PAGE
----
Julie Otsuka’s novel, When the Emperor was Divine, was the 2013 New Student Reading Project book, read by all new Cornell undergraduates. The text imagines the historical experience of internment for Japanese Americans through the eyes of one representative, but unnamed, family.
Through photographs, documents, maps, and artwork, our exhibition examines the story through the perspective of Ostuka’s characters—“the woman,” “the girl,” “the boy,” and “the father”— each of whom acts as narrator.
The University Library building, later renamed Uris Library, opened on October 7, 1891, precisely twenty-three years after classes began at Cornell University. The architect, William Henry Miller, was Cornell’s first student of architecture, remembered through his many buildings on campus and portrait, which hangs in the Uris Library lobby. In addition to the library, with its iconic tower, he designed Barnes Hall, Stimson Hall, Boardman Hall, and Risley Hall, two fraternities, the A. D. White House, the Central Avenue Bridge, and Eddy Gate.
Half a century ago, life in John M. Olin Library looked very different — but the building itself is a long-standing symbol for generations of Cornellians. The exhibition on view in Olin and Uris libraries traces Olin’s history through photographs, drawings and artifacts. Beginning with Boardman Hall, the building that preceded Olin on the south side of the Arts Quad, it explores the state of Cornell’s libraries in the 1950s, which led to the building of one of the country’s largest university research libraries.
Beginning with his hire in 1957, Giok Po Oey (1922-2010) worked tirelessly to build a world-class library collection of publications from and about Southeast Asia. Giok Po worked closely with the founders of Cornell’s Southeast Asia Program to build up this magnificent treasure known around the world as the John M. Echols Collection on Southeast Asia.
This exhibit celebrates the visit of His Holiness the Dalai Lama to Ithaca in October, 2007
A curated tour through the President Andrew Dickson White Library, the historic heart of Cornell's first library, and iconic university landmark. This online exhibition explores the architecture, history, and people associated with the A. D. White Library.
HIST 2391 - From Terra Incognita to Territories of Nation-States
History 2391 grew out of a desire to find a new way to expose students to the rich and diverse visual record of Early American history. The seminar engages the rich cartographic record of colonial North America via an in-depth analysis of two dozen iconic maps. Students assessed human representations of space across cultural boundaries, and explored change over time in the mapmaking practices of indigenous peoples and various European intruders.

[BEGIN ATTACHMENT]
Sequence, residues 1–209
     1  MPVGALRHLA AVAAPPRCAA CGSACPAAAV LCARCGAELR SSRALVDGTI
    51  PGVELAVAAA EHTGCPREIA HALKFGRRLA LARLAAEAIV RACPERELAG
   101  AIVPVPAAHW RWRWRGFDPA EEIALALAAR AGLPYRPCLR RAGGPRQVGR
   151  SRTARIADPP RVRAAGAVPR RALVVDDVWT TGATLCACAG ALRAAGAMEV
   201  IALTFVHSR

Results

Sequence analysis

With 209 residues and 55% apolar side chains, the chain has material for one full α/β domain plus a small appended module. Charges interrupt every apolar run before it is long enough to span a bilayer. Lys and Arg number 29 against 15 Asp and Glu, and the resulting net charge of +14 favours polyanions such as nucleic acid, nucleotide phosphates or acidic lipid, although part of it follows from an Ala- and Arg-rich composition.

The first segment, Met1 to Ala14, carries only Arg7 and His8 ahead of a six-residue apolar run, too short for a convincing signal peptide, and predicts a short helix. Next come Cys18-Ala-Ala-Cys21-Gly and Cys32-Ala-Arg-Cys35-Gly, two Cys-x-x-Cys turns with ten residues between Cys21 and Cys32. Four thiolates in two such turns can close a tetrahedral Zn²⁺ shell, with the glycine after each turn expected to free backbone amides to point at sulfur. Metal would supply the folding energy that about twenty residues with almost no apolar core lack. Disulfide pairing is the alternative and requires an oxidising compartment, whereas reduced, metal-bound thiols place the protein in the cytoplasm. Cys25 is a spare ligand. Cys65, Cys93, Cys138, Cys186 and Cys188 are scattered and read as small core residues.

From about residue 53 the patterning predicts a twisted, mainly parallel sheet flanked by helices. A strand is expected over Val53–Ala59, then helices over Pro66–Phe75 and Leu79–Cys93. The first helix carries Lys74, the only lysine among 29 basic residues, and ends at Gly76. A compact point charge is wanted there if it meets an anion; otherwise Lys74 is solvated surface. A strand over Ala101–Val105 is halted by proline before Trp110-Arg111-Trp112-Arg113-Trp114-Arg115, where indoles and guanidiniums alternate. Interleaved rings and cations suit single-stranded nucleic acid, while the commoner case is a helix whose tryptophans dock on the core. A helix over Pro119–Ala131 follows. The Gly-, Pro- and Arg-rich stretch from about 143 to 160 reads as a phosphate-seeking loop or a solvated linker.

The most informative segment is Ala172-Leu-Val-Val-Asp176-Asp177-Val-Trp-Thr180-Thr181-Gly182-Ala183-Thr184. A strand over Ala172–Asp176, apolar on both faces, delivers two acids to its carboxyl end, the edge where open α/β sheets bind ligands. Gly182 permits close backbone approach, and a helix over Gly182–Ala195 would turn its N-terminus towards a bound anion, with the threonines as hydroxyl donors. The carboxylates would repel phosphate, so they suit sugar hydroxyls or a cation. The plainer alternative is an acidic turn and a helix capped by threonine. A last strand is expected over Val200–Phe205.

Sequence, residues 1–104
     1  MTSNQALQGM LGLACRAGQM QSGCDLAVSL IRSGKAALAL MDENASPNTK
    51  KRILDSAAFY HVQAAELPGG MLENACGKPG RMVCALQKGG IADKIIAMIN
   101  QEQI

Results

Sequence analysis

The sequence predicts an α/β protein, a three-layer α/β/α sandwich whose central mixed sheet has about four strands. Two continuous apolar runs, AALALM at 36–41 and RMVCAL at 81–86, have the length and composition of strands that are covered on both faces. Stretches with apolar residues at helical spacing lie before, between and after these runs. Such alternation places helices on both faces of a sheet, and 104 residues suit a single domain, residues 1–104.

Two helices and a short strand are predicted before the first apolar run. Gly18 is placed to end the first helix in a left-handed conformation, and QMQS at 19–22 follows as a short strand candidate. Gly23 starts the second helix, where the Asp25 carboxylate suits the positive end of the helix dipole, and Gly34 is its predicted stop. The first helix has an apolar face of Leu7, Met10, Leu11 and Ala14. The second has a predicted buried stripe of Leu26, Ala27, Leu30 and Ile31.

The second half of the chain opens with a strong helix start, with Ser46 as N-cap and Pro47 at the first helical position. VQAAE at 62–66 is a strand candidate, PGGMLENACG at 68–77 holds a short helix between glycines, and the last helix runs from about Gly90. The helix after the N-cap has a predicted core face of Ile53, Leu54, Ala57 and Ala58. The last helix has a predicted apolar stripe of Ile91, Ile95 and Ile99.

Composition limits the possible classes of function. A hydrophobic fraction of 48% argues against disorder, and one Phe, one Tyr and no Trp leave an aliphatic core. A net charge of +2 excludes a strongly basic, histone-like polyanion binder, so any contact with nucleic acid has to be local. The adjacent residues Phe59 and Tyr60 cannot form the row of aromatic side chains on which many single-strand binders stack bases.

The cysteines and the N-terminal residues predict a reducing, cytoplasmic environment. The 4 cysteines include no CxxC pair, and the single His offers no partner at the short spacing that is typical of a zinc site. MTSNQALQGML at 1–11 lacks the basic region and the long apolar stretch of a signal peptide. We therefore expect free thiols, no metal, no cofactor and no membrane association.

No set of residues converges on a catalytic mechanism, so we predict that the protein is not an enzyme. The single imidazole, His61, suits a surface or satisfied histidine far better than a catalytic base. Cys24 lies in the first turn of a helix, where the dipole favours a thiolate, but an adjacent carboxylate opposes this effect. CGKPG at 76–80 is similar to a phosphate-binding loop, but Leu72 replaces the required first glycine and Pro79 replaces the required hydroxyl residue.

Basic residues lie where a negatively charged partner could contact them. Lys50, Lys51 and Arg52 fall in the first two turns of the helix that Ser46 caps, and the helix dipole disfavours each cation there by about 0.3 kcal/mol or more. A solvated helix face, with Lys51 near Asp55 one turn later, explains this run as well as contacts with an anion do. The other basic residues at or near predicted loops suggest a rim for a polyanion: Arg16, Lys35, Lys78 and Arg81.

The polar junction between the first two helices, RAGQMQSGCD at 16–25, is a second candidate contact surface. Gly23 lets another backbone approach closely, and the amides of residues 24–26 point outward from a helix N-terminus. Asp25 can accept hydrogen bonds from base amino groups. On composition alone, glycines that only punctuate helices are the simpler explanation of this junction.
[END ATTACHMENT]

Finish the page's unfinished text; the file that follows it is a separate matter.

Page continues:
Understanding the Middle East through Geologic Movement
This exhibit features maps donated by Professor Muawia Barazangi, emeritus professor in the Department of Earth and Atmospheric Sciences. The maps and images explore how plate tectonics created, and shaped the geography of the Middle East, and how that geologic history resulted in the region’s status as both an oil & gas rich region, and an epicenter of natural disasters.
Films, Mills, and Poets: Mid-Century Bombay was an exhibit that was shown at the Carl A. Kroch Library's Asia Collections between September and November 2017, in conjunction with 'The Archive and the City of Bombay', a symposium held September 15. This online version highlights the major areas of the physical exhibit, while also showing a selection of the objects from the collection that were on display.
Projects from the Summer Graduate Fellowship in Digital Humanities
Each summer Cornell's Olin Library offers a fellowship program focused on preparing humanists with digital expertise enhancing their abilities to analyze information and engage new audiences in their research. As a result of this fellowship, the fellows generate digitally-based projects using techniques developed throughout the summer fellowship. This exhibition highlights a selection of the projects from the previous four summers.
This exhibition examines the histories, stories, and lived experiences of early Hodinǫhsǫ́:nih (Haudenosaunee) (Iroquois) women at Cornell University from 1914 to 1942.